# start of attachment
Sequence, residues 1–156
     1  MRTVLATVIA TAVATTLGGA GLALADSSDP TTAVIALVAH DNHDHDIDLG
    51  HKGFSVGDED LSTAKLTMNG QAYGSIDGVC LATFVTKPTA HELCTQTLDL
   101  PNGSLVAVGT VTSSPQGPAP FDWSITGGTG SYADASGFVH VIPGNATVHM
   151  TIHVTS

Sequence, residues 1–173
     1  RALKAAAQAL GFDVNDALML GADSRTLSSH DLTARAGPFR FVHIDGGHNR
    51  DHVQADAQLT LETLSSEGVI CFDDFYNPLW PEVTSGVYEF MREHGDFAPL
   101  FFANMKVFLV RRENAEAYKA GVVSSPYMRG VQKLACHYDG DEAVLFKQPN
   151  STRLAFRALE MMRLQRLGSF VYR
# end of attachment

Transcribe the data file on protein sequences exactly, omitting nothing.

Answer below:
Sequence, residues 1–156
     1  MRTVLATVIA TAVATTLGGA GLALADSSDP TTAVIALVAH DNHDHDIDLG
    51  HKGFSVGDED LSTAKLTMNG QAYGSIDGVC LATFVTKPTA HELCTQTLDL
   101  PNGSLVAVGT VTSSPQGPAP FDWSITGGTG SYADASGFVH VIPGNATVHM
   151  TIHVTS

Sequence, residues 1–173
     1  RALKAAAQAL GFDVNDALML GADSRTLSSH DLTARAGPFR FVHIDGGHNR
    51  DHVQADAQLT LETLSSEGVI CFDDFYNPLW PEVTSGVYEF MREHGDFAPL
   101  FFANMKVFLV RRENAEAYKA GVVSSPYMRG VQKLACHYDG DEAVLFKQPN
   151  STRLAFRALE MMRLQRLGSF VYR